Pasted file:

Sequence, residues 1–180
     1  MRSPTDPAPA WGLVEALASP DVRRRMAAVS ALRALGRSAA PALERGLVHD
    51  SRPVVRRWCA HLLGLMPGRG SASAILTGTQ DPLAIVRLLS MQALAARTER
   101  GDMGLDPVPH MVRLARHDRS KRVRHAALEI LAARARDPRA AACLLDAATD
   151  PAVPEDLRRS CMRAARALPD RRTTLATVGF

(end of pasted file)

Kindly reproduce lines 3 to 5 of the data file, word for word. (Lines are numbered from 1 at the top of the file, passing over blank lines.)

    51  SRPVVRRWCA HLLGLMPGRG SASAILTGTQ DPLAIVRLLS MQALAARTER
   101  GDMGLDPVPH MVRLARHDRS KRVRHAALEI LAARARDPRA AACLLDAATD
   151  PAVPEDLRRS CMRAARALPD RRTTLATVGF